“In this the children of God and the children of the devil are manifest: Whoever does not practice righteousness is not of God.” (I John 3:10a). This part of the verse makes the most sense if we understand it to be the conclusion of what John said previously. Hence, the words “in this” refer back to I John 2:29 – 3:9 where John talks about expressing or manifesting our born-again nature by practicing righteousness. The last part of verse 10 looks forward to expressing our born-again nature by loving our Christian brother (3:11-4:19). Both discussions are intended by John to motivate his Christian readers to prepare to have more confidence and less shame at the time of Christ’s coming (2:28).
The key word in 3:10a is the word translated “manifest” (phanera) which means to be “visible” or “plainly…seen.” 21 According to I John 2:29-3:9, a Christian can “manifest” or make visible the “righteous” born-again nature given to him or her at new birth by practicing righteousness. On the flip side, a Christian can conceal his or her born-again nature by not practicing righteousness.
Hodges writes, “Because a child of God is sinless at the core of his being, he can never be ‘manifest’ through sin as can a child of the devil. While an unsaved person can display his true nature through sin, a child of God cannot. When a Christian sins, he conceals who he really is rather than making it manifest. If the readers perceive someone doing real righteousness, then-but only then-can they perceive this action as a true product of new birth (2:29) and can thus behold God’s love (3:1). This consideration is crucial to John’s advancing argument” 22 whereby he defines “righteousness primarily in terms of Christian brotherly love and to show how such love properly expresses itself.” 23
John is saying to Christians in 3:10a, “Express your true self!” The phrase “children of the devil” can refer to both saved and unsaved. Nowhere does the Bible say one is “born of the devil,” “for ‘the devil begets none, nor does he create any; but whoever imitates the devil becomes a child of the devil by imitating him, not by proper birth’ [Augustine, Tract, 4. 10].” 24
“Those who are of the devil, either saved or unsaved, do the devil’s work by opposing the truth (cf. Matt. 13:38; 16:23; John 8:44; Acts 13:10; 2 John 9). One form of opposing the truth is disregarding it. Saved people are of the devil in the sense that sometimes they follow the devil’s leading and do his work, though they no longer belong to the devil. An example of those who are of the devil is the antichrists (plural) that John previously warned about (2:22-23). Jesus called the unbelieving Jews the children of ‘your father the devil’ (John 8:44)” 25 because they opposed the truth Jesus revealed to them about their sinfulness and His identity as the Son of God Who can set them free from bondage to sin (John 8:32-47).
Whenever we sin, we are behaving like children of the devil, since all sin is sourced in him (3:8). The phrase “children of God” can only refer to saved people because the Bible does say only those who believe that Jesus is the Christ are born of God (I John 5:1). Children of God can only express who they really are when they live righteously.
This does not mean, however, that when a Christian sins he is not a child of God regardless of how long or often he sins. But when he does sin, he is only revealing what he was before he was born again through faith in Christ. It does not mean he was never born again with a divine nature. But it does mean he is keeping the divine nature hidden. 26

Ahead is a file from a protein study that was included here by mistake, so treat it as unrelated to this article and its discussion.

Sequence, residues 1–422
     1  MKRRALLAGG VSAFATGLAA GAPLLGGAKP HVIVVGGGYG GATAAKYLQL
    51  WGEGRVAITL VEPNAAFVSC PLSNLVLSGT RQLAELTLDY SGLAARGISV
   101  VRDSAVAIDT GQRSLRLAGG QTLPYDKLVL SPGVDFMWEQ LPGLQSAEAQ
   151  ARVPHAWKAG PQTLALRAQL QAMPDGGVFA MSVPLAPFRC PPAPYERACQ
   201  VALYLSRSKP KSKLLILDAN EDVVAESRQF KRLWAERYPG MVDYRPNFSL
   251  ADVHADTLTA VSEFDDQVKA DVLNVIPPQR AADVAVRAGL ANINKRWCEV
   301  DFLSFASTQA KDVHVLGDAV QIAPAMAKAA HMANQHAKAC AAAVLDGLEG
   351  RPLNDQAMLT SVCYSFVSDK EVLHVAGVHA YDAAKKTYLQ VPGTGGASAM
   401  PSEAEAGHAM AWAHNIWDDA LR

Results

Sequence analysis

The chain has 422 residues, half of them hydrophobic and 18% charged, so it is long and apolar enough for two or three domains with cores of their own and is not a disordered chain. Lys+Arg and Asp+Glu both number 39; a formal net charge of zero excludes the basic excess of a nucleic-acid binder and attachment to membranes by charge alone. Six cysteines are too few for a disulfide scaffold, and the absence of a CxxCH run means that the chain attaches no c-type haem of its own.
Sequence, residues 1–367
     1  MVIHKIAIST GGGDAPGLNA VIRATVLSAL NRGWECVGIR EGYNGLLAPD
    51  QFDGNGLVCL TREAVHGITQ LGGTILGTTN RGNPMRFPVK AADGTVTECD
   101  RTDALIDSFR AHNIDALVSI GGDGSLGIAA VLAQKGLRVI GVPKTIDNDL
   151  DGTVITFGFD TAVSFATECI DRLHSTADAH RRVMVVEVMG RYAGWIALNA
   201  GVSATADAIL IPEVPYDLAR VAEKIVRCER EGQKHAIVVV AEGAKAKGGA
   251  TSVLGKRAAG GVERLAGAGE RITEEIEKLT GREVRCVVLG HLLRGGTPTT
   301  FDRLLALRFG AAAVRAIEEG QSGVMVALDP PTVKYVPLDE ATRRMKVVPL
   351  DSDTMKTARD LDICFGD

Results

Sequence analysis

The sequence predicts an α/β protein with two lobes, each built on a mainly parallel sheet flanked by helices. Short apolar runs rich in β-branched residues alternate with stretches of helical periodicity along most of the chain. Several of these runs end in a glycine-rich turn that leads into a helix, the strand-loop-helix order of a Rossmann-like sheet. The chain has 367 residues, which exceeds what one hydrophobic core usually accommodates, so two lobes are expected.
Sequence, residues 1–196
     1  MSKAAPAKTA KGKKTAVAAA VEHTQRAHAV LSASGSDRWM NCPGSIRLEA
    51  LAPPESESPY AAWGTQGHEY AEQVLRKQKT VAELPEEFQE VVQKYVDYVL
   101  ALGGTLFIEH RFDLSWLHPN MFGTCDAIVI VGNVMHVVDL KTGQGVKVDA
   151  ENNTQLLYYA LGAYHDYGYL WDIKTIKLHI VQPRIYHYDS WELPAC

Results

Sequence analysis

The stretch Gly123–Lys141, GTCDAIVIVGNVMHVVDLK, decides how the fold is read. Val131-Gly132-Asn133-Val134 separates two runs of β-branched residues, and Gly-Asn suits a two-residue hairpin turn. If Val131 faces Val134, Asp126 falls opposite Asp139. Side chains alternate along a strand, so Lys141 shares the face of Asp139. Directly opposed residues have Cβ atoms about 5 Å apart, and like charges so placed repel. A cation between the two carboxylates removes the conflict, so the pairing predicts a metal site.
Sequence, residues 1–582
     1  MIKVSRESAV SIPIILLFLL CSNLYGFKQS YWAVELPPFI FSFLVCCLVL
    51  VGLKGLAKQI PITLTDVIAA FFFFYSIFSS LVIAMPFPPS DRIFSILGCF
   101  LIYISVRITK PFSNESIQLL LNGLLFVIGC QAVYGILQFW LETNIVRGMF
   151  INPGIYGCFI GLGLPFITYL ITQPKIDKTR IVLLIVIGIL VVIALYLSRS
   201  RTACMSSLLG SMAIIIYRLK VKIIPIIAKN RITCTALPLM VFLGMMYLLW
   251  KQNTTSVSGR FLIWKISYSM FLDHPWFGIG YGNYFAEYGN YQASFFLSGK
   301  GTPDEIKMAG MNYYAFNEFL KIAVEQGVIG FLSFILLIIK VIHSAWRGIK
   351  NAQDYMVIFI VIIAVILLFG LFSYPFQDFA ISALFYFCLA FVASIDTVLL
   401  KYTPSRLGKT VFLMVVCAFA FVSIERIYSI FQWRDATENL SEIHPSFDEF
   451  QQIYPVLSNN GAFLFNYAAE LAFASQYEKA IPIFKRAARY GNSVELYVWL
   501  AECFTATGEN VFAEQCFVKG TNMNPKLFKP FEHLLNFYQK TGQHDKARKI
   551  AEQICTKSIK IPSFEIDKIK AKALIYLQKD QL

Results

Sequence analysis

“A psychiatrist thought he would do an experiment on self-image, so he got ten volunteers, brought them into his office one at a time, and briefed each on his assignment. He explained to them, ‘I want to see how people will respond to someone with a hideous, ugly deformity.’ Then the psychiatrist brought in a make-up artist who put an ugly scar on the right cheek of each volunteer. Before sending the volunteer out, they got a chance to look at themselves in a mirror. After the volunteer had gotten a good look, the mirror was taken away and the make-up artist was told to put the final touches of make-up on the scar. But, unknown to the volunteer, the makeup artist was instructed to pull the scar away before sending the volunteer out. The volunteer did not look any different when he left than when he had come in.
“Each volunteer was told to sit for twenty minutes in the waiting room with other patients to observe their reactions to the phantom deformity of the volunteer. Then their job was to come back into the psychiatrist’s office after observing the reactions and report how people had treated them. Ten different volunteers, with ten different perspectives resulted in reports that were all the same. According to the volunteers who thought they had ugly scars on their cheeks, the other patients in the waiting room were rude to them. People shunned them, and worst of all, if you can believe it, the other patients stared straight at the scars—the scars that weren’t actually there.
“The point of the experiment was to demonstrate that other people react to us in response to how we see ourselves. When you look inside yourself, what do you see—a big, hideous scar, or the Lion of the Tribe of Judah? When you look into the mirror, do you see a prairie chicken or a golden eagle?” 27
How we see ourselves determines how we live. The apostle John wants his Christian readers, including you and me, to see themselves as children of God who possess a sinless born-again nature (God’s “seed”) at the core of their being so they will manifest this righteous nature by living righteously. This type of Christian is represented by the image on the left. He or she is visibly manifesting God’s righteous nature inside them by doing what is right. However, this is not what gets them to heaven. Only believing that Jesus is the Christ makes us born of God (I John 5:1). But manifesting our true identity by practicing Christ’s righteous behavior will give us more confidence and less shame before Jesus when He returns for His church (2:28).